fullCIRCLE Mentoring Program Opens Application for Faculty, Staff Mentors
The fullCIRCLE Mentoring Program in the Office of Multicultural Affairs welcomes its sixth cohort of mentees and peer mentors at the start of the 2017-18 academic year. It is now recruiting faculty and staff mentors to provide consistent support to sophomore, junior and senior peer mentors and to serve as positive role models. Faculty and staff who are interested in serving as mentors are encouraged to apply now. The deadline is July 26.
Established in the spring of 2012, fullCIRCLE has served over 300 undergraduate students, and more than 60 faculty and staff members have served as mentors. The faculty and staff mentors who have participated share that the experience has been a positive one.
Jenna Turman, assistant director of alumni programs in Career Services, says, “It is important to me to step outside my comfort zone, and fullCIRCLE offered something unique—the chance to build a relationship not only with a current student, but an opportunity to grow and learn something new.”
“The most valuable memories are during graduation ceremonies when their parents approach me and thank me for being there for their daughters through thick and thin,” says Kal Srinivas, director for access and retention in the Office of the Associate Provost for Academic Affairs.
The fullCIRCLE Mentoring Program aims to help its participants adjust to college life and be more successful in their academic, social, professional and personal lives. It serves undergraduate students with an emphasis on Black/African American, Asian American/Pacific Islander, Hispanic/Latinx American and Indigenous/Native American students. The peer mentors are sophomores, juniors and seniors who are supporting first-year and transfer students during their transition to college life at Syracuse University. The faculty and staff mentors are paired with the peer mentors to help them strengthen their network and connections on campus.
“I was interested in participating in fullCIRCLE due to its ability to positively impact retention and persistence for students from underrepresented backgrounds,” says Jonathan Hoster, undergraduate recruitment specialist at the College of Engineering and Computer Science.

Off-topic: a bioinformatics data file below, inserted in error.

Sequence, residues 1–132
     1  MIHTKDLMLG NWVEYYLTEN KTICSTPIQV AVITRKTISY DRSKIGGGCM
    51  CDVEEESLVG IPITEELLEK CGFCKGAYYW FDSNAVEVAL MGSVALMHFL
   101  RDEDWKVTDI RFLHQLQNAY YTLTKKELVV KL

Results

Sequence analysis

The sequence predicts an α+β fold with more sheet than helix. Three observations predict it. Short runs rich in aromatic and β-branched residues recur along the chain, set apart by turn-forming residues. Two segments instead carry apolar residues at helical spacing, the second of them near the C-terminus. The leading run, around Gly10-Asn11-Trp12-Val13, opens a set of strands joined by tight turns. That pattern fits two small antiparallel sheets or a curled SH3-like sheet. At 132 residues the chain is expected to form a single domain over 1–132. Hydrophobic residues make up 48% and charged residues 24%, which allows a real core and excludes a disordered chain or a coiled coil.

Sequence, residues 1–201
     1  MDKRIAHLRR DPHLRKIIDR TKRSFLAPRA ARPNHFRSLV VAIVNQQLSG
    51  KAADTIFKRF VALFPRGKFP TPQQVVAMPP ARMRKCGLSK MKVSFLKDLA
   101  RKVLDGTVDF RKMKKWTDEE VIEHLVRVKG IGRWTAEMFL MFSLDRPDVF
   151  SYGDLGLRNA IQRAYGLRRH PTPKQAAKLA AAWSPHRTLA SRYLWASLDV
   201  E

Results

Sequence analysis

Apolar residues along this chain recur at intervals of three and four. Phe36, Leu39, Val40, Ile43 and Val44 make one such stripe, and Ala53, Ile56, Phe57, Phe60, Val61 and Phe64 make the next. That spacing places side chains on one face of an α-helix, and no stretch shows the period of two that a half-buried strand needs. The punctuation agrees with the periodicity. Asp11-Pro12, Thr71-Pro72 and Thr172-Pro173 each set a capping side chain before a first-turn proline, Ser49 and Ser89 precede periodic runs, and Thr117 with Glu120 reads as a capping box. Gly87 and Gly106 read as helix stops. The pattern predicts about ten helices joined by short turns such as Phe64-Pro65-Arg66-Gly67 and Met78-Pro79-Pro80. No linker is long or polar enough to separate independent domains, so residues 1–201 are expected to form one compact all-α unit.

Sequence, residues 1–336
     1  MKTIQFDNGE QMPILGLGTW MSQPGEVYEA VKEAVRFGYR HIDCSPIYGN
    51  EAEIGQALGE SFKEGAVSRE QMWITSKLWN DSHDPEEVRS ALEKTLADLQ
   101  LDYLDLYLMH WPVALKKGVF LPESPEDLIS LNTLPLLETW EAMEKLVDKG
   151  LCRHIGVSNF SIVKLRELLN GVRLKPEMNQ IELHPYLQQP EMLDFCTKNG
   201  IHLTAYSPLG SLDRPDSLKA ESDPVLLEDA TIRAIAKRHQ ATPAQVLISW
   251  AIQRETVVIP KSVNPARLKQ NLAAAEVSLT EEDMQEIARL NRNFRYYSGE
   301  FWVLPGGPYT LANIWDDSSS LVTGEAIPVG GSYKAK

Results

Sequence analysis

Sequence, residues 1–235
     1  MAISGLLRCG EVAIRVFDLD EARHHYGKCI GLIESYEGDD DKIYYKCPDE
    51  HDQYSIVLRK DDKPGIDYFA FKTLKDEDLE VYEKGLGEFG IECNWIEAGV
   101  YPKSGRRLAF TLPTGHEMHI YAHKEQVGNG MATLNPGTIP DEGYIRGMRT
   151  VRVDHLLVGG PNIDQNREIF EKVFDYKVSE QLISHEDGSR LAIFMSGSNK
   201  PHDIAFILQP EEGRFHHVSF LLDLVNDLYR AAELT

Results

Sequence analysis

For some faculty and staff mentors, their experience with their own mentors is what inspired them to mentor others. Robin Higgins, program coordinator for the Intergroup Dialogue Program, says she benefited from a mentor when she began to work. Higgins wants to assist students in the same way.
“Last year was my first year as a mentor. My mentee [and I] developed both a formal and informal relationship,” says Higgins. “We were able to discuss how classes and her life at SU were going. She was balancing a lot and it felt rewarding to me to be able to offer her some suggestions, as well as talk through what she either needed to talk about or just vent. It is important to be a good listener, and I developed a stronger development in myself while mentoring this past year.”
Many mentors echo these sentiments of development and growth, as they learn a lot from their mentees throughout the experience. “The ability to have coffee or grab lunch with a current student, and hear about the ups and downs of college life today is not only nostalgic as I reflect back to my own experiences, but also inspiring as I look to the future of higher education, career services and the overall world of work,” says Turman.
As mentors, faculty and staff will connect with their mentees bi-weekly, encourage their skill development in the areas of leadership, communications and collaboration, and support their academic success, career exploration and intercultural exchange.
“I encourage SU faculty and staff to apply to be a mentor for fullCIRCLE,” says Hoster. “The time commitment is very reasonable and the program allows mentors to play an important role in the success of our mentees.”
Story by Yue Shi G’17, communications intern, Division of Enrollment and the Student Experience